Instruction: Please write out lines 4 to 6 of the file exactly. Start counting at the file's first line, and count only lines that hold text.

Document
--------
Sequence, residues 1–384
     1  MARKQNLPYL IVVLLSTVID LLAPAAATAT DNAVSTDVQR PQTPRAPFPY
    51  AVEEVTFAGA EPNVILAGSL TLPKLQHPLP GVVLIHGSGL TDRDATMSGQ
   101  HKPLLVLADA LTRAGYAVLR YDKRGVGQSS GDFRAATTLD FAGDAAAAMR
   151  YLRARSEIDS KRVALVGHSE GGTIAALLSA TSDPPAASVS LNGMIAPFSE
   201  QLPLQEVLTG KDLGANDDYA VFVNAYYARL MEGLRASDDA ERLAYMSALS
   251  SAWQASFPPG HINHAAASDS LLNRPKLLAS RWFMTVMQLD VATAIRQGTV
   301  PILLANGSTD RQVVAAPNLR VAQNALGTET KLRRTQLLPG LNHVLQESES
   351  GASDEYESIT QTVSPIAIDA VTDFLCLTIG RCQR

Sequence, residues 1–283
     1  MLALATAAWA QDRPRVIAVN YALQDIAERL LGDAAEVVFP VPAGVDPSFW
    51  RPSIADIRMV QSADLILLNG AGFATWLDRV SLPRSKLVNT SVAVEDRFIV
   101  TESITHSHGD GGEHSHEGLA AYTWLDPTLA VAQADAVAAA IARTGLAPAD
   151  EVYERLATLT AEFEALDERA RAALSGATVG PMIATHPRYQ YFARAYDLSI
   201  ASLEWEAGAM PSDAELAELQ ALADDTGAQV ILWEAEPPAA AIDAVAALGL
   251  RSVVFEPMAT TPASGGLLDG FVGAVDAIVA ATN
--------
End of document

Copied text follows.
   101  HKPLLVLADA LTRAGYAVLR YDKRGVGQSS GDFRAATTLD FAGDAAAAMR
   151  YLRARSEIDS KRVALVGHSE GGTIAALLSA TSDPPAASVS LNGMIAPFSE
   201  QLPLQEVLTG KDLGANDDYA VFVNAYYARL MEGLRASDDA ERLAYMSALS